ARM’s TrustZone security has been key to its higher-end solutions like the Cortex-A series, but it is now part of the Cortex-M with the advent of the ARMv8-M microcontroller architecture (Fig. 1). The microcontroller version was announced at this year’s ARM TechCon conference in Santa Clara, Calif. The ARMv8-M architecture will prove very useful for the Internet of Things (IoT).
The ARMv8-M microcontroller architecture implements the 32-bit T32/Thumb instruction set. This remains intact, but now incorporates trusted hardware in the form of a protected memory and I/O systems built around TrustZone technology (Fig. 2). This includes hardware cryptography support and a true random number generator (TRNG) as well as secure boot support.
The new architecture differs from the higher-end platforms because it is designed to provide low, deterministic latency support. It also does not provide hypervisor support found in platforms like the Cortex-A because that would also incur overhead that microcontroller applications cannot afford either in timing or hardware overhead.
The ARMv8-M architecture does provide access limits on memory, both flash and RAM, as well as access controls on peripherals and debug support. The TrustZone support also addresses firmware IP protection and secure remote firmware updates. The new AMBA 5 AHB5 specification includes support for TrustZone peripherals making it easy to build secure SoCs with custom peripherals.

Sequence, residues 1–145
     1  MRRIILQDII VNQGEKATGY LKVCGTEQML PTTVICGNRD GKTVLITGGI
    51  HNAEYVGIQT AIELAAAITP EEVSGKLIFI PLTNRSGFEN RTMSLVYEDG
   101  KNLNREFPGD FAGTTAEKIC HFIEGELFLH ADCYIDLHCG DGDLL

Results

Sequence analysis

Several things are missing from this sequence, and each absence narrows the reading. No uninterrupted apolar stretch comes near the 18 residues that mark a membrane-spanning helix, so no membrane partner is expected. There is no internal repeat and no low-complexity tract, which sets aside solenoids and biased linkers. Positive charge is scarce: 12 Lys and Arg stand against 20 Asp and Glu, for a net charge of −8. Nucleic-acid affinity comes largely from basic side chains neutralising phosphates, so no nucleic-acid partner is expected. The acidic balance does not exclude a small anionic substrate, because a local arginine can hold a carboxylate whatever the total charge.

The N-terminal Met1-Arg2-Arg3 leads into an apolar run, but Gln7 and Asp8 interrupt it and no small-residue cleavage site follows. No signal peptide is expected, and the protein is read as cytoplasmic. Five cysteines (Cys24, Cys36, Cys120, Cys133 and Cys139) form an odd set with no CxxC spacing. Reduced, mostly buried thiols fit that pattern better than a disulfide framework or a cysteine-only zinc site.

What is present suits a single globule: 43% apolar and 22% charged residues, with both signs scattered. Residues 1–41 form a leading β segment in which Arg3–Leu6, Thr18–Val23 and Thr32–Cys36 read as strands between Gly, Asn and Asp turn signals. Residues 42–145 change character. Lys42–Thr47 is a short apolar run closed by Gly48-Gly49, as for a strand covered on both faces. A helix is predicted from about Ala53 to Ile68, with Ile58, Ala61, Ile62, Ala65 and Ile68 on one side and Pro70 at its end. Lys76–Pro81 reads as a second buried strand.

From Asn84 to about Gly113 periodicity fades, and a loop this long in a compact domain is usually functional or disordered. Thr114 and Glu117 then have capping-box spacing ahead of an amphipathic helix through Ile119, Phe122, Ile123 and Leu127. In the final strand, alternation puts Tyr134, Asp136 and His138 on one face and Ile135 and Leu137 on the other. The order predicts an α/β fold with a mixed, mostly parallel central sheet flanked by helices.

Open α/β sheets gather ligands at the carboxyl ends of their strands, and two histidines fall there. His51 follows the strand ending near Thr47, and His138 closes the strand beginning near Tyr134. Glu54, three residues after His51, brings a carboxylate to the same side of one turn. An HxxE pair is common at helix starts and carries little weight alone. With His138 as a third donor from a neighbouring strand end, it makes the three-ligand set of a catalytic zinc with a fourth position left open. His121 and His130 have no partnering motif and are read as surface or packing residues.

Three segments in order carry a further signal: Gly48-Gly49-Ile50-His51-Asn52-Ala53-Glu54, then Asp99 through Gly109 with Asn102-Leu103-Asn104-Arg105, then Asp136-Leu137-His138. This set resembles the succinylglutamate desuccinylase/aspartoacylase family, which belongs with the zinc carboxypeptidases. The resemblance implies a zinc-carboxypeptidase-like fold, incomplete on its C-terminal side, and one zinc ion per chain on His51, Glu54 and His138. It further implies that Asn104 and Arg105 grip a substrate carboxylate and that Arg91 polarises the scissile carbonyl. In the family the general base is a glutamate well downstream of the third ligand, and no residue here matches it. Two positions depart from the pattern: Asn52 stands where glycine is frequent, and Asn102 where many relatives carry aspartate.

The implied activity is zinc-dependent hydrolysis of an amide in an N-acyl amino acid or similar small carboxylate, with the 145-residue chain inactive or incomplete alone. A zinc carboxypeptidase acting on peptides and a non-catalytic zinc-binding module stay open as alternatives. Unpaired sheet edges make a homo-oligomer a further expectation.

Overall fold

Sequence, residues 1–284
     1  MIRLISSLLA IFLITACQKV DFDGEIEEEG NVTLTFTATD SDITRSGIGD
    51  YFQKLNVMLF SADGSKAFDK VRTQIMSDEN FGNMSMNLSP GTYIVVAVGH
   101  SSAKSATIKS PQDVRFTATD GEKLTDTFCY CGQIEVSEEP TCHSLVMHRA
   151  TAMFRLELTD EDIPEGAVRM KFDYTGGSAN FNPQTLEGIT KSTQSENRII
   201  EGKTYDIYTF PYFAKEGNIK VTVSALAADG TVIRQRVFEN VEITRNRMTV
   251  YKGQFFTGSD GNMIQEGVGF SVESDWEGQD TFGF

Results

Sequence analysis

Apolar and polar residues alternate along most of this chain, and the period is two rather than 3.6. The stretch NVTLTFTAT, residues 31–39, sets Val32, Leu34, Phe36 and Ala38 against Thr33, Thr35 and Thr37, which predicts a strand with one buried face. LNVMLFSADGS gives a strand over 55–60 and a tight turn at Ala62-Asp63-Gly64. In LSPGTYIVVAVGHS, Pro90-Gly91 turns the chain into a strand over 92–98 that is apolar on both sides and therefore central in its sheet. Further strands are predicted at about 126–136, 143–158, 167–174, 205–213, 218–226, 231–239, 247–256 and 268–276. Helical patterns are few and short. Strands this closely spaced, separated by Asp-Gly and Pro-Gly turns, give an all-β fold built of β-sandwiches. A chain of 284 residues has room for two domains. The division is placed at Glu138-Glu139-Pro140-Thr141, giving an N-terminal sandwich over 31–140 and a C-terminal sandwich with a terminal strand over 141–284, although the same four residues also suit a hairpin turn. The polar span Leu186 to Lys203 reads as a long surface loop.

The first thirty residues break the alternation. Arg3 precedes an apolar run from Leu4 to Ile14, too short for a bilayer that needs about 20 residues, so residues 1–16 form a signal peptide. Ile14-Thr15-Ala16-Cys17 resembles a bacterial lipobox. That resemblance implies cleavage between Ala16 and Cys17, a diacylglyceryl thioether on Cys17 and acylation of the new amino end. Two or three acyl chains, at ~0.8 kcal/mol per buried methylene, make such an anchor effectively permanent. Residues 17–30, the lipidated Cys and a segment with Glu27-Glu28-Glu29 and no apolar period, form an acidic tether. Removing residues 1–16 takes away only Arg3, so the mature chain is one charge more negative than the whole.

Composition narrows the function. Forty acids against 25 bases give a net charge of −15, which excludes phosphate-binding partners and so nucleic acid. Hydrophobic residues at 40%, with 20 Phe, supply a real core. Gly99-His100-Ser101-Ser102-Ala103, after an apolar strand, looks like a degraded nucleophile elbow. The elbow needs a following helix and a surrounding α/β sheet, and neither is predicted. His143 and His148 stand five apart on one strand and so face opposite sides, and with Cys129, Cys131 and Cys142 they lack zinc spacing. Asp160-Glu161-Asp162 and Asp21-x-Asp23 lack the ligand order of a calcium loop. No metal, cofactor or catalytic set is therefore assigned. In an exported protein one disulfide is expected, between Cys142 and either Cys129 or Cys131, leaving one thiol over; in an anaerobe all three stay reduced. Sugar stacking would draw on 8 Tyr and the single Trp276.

Support by the third-party community includes all major Cortex-M supporters, including operating system and tool companies like Green Hills Software, Micrium, Express Logic, Mentor Graphics, IAR Systems, Symantec, Trustonic, Segger, and FreeRTOS.
The implications of the ARMv8-M architecture for IoT are significant. It provides a common security architecture that will be adopted by the wide array of Cortex-M vendors. It is scalable from the Cortex-M0 to the Cortex-M7 (see “Cortex-M7 Contains Configurable Tightly Coupled Memory”). This will make it easier for developers to target the microcontroller space that has included a variety of proprietary security measures.